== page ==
How Alone Time Is Essential to a Healthy Social Life

Scientists are just beginning to understand the full scope of the gut microbiome: the diverse community of microorganisms that live within your digestive tract that have been shown to influence everything from your immune system to your mood.

Maintaining balance in this community, a growing body of research suggests, has a strong ripple effect on mental and physical health.

It’s also, as communications researcher Jeffrey Hall argues, a great metaphor. The microbiome is the framework he uses to explain his concept of the “social biome,” the idea that social well-being depends on a regular and varied mix of interactions.

“We were fascinated by the idea that you have this balance in your body of things that help keep you healthy,” says Hall, a professor at the University of Kansas.

“When you are unbalanced, you don’t bloom and you get sick. We were saying, ‘Let’s think of human interaction as nutrition.’”

In a new study published in the journal Human Communication Research, Hall and co-author Andy Merolla, a professor of communication at the University of California, Santa Barbara, analyzed more than 10,000 social interactions recorded in the diaries of approximately 400 participants.

From their source material, the two researchers were able to select five key components for a healthy social biome.

“We’ve seen a lot of research suggesting that more social interactions are better,” Hall says, but “the one with the strongest empirical support was that when you’re alone and happy in that way, it’s a great indicator that they’re socially healthy.”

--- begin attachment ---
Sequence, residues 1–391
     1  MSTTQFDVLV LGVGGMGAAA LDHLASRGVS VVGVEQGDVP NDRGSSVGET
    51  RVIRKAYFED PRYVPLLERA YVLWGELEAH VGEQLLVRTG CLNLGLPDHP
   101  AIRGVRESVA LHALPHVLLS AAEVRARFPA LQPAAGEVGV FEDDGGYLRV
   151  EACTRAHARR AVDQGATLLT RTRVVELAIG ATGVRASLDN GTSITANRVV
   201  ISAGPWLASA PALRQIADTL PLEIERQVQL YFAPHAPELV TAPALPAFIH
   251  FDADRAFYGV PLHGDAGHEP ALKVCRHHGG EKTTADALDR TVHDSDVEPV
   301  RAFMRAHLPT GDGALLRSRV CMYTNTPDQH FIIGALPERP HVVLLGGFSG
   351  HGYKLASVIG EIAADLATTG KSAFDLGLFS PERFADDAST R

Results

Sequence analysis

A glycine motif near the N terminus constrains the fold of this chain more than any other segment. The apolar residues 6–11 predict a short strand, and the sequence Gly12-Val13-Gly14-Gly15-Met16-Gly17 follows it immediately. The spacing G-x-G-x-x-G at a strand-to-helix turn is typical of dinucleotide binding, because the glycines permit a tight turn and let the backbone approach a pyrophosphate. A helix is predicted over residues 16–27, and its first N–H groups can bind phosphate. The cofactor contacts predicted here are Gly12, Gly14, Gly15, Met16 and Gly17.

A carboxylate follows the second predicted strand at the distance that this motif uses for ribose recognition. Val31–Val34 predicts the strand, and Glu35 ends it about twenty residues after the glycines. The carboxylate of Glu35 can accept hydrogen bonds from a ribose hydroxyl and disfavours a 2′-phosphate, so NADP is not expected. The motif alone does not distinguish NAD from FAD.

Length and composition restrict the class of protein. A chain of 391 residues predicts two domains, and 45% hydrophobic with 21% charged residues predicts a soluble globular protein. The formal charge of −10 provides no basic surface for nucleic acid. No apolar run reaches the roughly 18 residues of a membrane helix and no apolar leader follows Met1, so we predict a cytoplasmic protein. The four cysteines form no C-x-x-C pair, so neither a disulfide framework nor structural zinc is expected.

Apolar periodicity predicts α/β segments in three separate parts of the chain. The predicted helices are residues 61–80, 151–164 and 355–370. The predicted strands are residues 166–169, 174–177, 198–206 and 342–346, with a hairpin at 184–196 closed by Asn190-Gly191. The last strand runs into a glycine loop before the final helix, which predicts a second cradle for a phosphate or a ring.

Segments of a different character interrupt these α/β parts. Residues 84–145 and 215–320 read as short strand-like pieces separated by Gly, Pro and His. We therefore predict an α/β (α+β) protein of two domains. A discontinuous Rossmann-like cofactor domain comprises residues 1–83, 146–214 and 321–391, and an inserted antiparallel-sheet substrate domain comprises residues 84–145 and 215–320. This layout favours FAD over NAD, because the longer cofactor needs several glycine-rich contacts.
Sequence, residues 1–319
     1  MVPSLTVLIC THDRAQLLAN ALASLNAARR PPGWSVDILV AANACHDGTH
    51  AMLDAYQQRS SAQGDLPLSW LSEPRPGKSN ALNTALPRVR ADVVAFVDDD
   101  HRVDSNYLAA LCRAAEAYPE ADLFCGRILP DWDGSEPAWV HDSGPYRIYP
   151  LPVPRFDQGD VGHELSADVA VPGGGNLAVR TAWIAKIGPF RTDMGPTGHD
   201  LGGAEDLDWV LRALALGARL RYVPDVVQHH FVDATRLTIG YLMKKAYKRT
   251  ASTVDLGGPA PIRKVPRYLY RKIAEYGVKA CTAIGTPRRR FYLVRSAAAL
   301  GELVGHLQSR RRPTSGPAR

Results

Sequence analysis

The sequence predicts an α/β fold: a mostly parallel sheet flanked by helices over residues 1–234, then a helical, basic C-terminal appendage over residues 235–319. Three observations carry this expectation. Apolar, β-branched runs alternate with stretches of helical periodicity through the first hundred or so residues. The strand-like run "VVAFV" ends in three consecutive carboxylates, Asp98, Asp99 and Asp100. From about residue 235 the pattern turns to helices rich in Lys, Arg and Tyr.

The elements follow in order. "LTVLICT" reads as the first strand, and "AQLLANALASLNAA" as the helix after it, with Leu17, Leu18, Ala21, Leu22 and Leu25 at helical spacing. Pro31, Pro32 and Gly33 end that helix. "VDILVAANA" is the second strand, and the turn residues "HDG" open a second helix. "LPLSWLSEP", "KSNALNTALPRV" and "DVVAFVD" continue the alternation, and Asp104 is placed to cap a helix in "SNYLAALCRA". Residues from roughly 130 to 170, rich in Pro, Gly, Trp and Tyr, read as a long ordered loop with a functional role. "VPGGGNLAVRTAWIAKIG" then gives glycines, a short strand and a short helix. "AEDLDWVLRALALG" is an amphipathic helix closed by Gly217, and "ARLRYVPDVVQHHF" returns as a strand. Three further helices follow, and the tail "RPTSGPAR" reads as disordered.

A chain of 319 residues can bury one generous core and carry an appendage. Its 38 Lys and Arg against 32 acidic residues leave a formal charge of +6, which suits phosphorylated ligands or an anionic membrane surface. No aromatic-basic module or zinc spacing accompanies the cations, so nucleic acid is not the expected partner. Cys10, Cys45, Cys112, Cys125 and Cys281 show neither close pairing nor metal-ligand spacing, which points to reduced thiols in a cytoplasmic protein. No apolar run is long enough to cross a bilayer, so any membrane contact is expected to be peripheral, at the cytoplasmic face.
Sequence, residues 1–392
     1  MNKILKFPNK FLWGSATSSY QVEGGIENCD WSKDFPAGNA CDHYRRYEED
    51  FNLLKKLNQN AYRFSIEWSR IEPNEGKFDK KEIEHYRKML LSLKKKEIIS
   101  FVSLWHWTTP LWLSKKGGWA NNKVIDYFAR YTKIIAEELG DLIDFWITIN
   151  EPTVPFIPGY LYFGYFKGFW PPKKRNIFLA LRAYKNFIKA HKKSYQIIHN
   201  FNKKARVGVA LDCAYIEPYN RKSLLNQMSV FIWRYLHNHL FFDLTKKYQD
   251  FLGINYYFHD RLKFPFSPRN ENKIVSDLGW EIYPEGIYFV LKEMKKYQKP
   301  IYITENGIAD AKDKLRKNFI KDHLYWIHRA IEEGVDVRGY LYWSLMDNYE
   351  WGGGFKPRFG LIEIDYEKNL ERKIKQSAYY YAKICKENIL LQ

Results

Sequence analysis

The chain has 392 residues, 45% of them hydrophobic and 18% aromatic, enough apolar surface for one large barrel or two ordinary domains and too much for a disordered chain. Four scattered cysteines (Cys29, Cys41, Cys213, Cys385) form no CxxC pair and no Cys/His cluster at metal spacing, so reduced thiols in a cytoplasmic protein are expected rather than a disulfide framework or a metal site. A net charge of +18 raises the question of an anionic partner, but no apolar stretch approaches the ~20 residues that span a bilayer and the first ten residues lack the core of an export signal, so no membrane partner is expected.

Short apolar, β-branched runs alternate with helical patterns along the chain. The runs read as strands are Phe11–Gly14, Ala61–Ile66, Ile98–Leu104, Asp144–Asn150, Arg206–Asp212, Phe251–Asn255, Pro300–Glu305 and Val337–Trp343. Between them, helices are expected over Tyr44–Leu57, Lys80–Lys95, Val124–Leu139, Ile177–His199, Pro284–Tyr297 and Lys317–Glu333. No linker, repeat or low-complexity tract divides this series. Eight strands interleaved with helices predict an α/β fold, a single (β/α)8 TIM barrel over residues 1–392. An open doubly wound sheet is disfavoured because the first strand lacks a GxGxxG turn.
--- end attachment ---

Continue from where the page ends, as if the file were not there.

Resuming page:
Think about it. How you would feel at the end of a successful networking event or a cozy Thanksgiving weekend with your family?

Even the most outgoing among us will probably love the opportunity to take some time for themselves after a socialization marathon.” When people had a nurturing interaction earlier in the day, they were even more likely to be happy alone later,” says Hall.

But you can’t just turn down invitations. To achieve social biome health, you may have to do a little more with your alone time than mindlessly check Instagram, says Kristen Radtke, author of the forthcoming book Seek You: Essays on American Loneliness.

“It’s about the intent,” she says. “In the same way that we need to spend time not working and just relaxing if you’re accidentally browsing the internet, that’s not really relaxing.”

That’s not to say that there’s necessarily a right way to spend time with yourself; As long as you see it as time alone with a purpose, the activity doesn’t really matter.

“Organize your bathroom. Read a novel. Do some creative project,” says Radtke. “In reality, there is no one-size-fits-all solution. It is important to listen to yourself and listen to what you need.”

And there is a difference between solitude and loneliness. While the former is accompanied by feelings of contentment, the latter is an unpleasant feeling that Hall says may stem from a biological need to be around other people.

“There is research that suggests loneliness is a trigger. We feel isolated, so we will be asked to connect with other people,” he says. “We have developed mechanisms that push us into social interactions because they keep us safe and fed.”

But just as the body’s microbiome is often unique to the individual, everyone has their own threshold of where welcome loneliness ends and loneliness begins, says Radtke.

“That’s why there are some people in the world who are hardly ever alone but feel lonely, and some people who are always alone and never feel lonely,” she says. “Loneliness works when you feel totally satisfied with your connection with other people. Once you have that basic need met, it’s much easier to spend time alone.”

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